# LARA

## LABS 02: USING THE STAINLESS VERIFICATION SYSTEM (CONT.)

In the second lab, you'll be using Stainless to verify properties about some more complicated programs.

### Deliverable

You are given 1 week for this assignment.

Send your solutions by mail to nicolas.voirol@epfl.ch.

### Exercise 1

We want to verify an implementation of quickSort here. Consider the following code snippet:

```import stainless.lang._
import stainless.collection._

object QuickSort {

def isSorted(list: List[BigInt]): Boolean = list match {
case Cons(x, xs @ Cons(y, _)) => x <= y && isSorted(xs)
case _ => true
}

def quickSort(list: List[BigInt]): List[BigInt] = (list match {
case Nil() => Nil[BigInt]()
case Cons(x, xs) => par(x, Nil(), Nil(), xs)
}) ensuring { res => isSorted(res) }

def par(x: BigInt, l: List[BigInt], r: List[BigInt], ls: List[BigInt]): List[BigInt] = ls match {
case Nil() => quickSort(l) ++ Cons(x, quickSort(r))
case Cons(x2, xs2) => if (x2 <= x) par(x, Cons(x2, l), r, xs2) else par(x, l, Cons(x2, r), xs2)
}
}```

Your task consists of adding contracts to the quickSort and par functions in order for the postcondition of quickSort to verify.

Hint 1: it may be useful to introduce preconditions! However, you aren't allowed to introduce constraints on the inputs to quickSort.

Hint 2: you may need to introduce extra functions!

Hint 3: in some cases when you want to specify a property on the contents of some list, it is useful to use a quantified formula. For example, to say that some property *p* holds on every element of *list*, you can use

`forall(x => list.content.contains(x) ==> p(x))`

### Exercise 2

Now, to make sure your verification was actually valid, make sure that Stainless can prove termination of the previous quickSort implementation. Termination is shown by inferring a *measure* such that each successive recursive call is linked to some decrease in the measure. The measure is specified thanks to the *decreases* keyword. For example, you can show that append terminates as follows (note that Stainless automatically shows List.size as terminating by structural induction):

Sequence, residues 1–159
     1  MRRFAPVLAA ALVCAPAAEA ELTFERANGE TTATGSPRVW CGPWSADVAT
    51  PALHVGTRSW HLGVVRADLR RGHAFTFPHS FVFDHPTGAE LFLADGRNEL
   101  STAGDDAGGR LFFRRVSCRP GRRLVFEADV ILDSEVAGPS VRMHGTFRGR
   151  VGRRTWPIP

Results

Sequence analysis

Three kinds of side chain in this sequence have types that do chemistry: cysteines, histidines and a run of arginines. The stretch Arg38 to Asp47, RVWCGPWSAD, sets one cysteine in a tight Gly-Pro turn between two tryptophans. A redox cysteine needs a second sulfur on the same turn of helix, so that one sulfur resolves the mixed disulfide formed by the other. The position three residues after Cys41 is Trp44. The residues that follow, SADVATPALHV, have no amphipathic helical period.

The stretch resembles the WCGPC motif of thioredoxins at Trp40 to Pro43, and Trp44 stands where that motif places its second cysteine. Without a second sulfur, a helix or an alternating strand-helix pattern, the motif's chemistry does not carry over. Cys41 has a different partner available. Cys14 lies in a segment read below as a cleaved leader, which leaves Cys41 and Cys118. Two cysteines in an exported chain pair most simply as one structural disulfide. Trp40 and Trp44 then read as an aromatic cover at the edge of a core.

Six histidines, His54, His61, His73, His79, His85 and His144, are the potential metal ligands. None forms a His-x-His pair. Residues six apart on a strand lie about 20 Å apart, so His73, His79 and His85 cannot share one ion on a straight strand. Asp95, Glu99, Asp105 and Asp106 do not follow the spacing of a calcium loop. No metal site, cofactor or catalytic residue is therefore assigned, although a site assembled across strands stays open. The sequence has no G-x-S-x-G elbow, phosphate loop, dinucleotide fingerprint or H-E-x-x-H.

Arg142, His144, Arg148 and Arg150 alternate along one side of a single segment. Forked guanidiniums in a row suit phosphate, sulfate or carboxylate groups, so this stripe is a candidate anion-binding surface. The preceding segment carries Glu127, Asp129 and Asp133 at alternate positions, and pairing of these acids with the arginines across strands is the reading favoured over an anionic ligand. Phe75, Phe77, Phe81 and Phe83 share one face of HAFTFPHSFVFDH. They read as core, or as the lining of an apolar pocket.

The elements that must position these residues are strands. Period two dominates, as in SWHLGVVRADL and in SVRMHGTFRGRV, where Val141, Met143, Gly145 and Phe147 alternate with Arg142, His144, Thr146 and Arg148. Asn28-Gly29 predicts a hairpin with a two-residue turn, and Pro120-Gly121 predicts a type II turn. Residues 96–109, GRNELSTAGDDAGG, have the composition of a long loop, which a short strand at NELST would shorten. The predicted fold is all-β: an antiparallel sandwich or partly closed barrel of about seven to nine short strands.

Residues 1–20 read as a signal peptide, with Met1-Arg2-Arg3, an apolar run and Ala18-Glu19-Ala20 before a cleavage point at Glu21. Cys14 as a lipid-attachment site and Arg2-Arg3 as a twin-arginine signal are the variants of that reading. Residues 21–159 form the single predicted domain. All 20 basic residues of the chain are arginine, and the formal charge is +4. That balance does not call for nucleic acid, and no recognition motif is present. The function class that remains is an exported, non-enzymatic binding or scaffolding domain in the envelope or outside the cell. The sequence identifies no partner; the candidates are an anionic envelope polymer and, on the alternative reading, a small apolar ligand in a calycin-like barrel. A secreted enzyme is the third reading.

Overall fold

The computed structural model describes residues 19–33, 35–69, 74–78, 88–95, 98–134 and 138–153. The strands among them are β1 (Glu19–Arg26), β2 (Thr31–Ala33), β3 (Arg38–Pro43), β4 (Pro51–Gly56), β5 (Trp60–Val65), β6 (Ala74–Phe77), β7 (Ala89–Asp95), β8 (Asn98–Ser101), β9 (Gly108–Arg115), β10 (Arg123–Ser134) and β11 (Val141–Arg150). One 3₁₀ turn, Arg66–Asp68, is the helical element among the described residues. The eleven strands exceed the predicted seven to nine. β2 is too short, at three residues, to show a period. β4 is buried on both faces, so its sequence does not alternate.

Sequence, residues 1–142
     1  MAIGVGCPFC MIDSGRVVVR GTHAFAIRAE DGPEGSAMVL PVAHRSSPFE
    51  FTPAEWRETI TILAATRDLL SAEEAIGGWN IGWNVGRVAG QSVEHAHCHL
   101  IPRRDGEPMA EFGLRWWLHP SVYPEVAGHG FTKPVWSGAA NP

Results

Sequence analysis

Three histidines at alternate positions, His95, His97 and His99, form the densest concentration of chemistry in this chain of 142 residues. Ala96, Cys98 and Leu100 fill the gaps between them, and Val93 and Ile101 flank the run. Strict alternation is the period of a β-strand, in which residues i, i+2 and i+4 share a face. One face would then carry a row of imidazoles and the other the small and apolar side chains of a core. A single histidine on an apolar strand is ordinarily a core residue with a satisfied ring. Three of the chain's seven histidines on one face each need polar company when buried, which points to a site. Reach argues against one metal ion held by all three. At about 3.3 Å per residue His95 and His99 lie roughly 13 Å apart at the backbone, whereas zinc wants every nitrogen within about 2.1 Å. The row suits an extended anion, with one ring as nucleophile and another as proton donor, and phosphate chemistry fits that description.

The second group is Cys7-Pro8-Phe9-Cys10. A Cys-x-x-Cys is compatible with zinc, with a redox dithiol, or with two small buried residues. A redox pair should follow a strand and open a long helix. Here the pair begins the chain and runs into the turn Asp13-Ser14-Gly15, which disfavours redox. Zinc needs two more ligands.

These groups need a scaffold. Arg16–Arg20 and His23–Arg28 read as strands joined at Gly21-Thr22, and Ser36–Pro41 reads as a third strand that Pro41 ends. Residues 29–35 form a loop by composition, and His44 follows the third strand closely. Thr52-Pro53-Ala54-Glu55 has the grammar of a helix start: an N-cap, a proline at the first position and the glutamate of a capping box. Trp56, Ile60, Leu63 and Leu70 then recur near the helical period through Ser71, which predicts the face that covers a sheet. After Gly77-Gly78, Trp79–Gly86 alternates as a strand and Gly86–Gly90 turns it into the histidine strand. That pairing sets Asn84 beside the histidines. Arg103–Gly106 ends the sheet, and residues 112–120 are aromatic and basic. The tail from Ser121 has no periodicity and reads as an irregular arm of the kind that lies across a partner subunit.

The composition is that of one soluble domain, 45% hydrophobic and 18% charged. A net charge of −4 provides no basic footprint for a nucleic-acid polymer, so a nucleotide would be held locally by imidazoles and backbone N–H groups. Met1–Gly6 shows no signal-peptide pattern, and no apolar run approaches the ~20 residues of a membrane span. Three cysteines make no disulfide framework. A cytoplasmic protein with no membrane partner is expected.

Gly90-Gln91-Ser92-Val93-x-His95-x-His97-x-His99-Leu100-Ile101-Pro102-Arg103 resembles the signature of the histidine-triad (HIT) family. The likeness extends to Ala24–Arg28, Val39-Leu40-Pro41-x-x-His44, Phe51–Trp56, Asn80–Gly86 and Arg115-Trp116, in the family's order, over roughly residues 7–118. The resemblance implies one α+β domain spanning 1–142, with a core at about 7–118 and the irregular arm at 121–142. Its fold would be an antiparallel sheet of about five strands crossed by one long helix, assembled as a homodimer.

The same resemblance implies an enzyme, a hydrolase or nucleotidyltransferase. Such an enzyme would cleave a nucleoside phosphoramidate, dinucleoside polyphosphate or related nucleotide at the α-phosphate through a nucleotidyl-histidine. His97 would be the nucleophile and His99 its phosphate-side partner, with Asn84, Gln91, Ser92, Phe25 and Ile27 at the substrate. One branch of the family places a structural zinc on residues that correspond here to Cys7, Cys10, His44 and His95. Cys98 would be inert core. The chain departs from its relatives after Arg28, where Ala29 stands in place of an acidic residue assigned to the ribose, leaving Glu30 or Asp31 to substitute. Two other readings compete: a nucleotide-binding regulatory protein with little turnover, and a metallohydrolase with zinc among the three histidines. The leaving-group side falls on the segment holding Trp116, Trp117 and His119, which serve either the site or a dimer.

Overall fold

```import stainless.lang._
import stainless.collection._

object ListTermination {
def append[A](l1: List[A], l2: List[A]): List[A] = {
decreases(l1.size)
l1 match {
case Cons(x, xs) => Cons(x, append(xs, l2))
case Nil() => l2
}
}
}```

You can invoke Stainless termination by using the –termination argument.

Annotate the quickSort and par functions with *decreases* constructs to specify the ordering. Note that you can use lexicographic orderings here by giving tuple arguments to *decreases*. Lexicographic ordering on a pair of non-negative integers (x1,y1) < (x2, y2) is defined by the relation

`  x1 < x2 || (x1 == x1 && y1 < y2)`

This ordering extends to n-tuples. You may have encountered it if you examine, in a printed dictionary, the ordering of words of the same length, where the word “pie” comes before the word “pig” because, in the alphabetical ordering,

`  'p'=='p' && 'i'=='i' && 'e' < 'g'`

### Solutions

```import stainless.proof._
import stainless.lang._
import stainless.collection._

object QuickSort {

def isSorted(list: List[BigInt]): Boolean = {
list match {
case Cons(x, xs @ Cons(y, _)) => x <= y && isSorted(xs)
case _ => true
}
}

def appendSorted(l1: List[BigInt], l2: List[BigInt]): List[BigInt] = {
require(isSorted(l1) && isSorted(l2) && (l1.isEmpty || l2.isEmpty || l1.last <= l2.head))
l1 match {
case Nil() => l2
case Cons(x, xs) => Cons(x, appendSorted(xs, l2))
}
} ensuring { res =>
isSorted(res) &&
res.content == l1.content ++ l2.content
}

def quickSort(list: List[BigInt]): List[BigInt] = {
decreases(list.size, BigInt(0))
list match {
case Nil() => Nil[BigInt]()
case Cons(x, xs) => par(x, Nil(), Nil(), xs)
}
} ensuring { res =>
isSorted(res) &&
res.content == list.content
}

def par(x: BigInt, l: List[BigInt], r: List[BigInt], ls: List[BigInt]): List[BigInt] = {
require(
forall((a: BigInt) => l.contains(a) ==> a <= x) &&
forall((a: BigInt) => r.contains(a) ==> x < a)
)
decreases(l.size + r.size + ls.size, ls.size + 1)

ls match {
case Nil() => appendSorted(quickSort(l), Cons(x, quickSort(r)))
case Cons(x2, xs2) => if (x2 <= x) par(x, Cons(x2, l), r, xs2) else par(x, l, Cons(x2, r), xs2)
}
} ensuring { res =>
isSorted(res) &&
res.content == l.content ++ r.content ++ ls.content + x
}
}```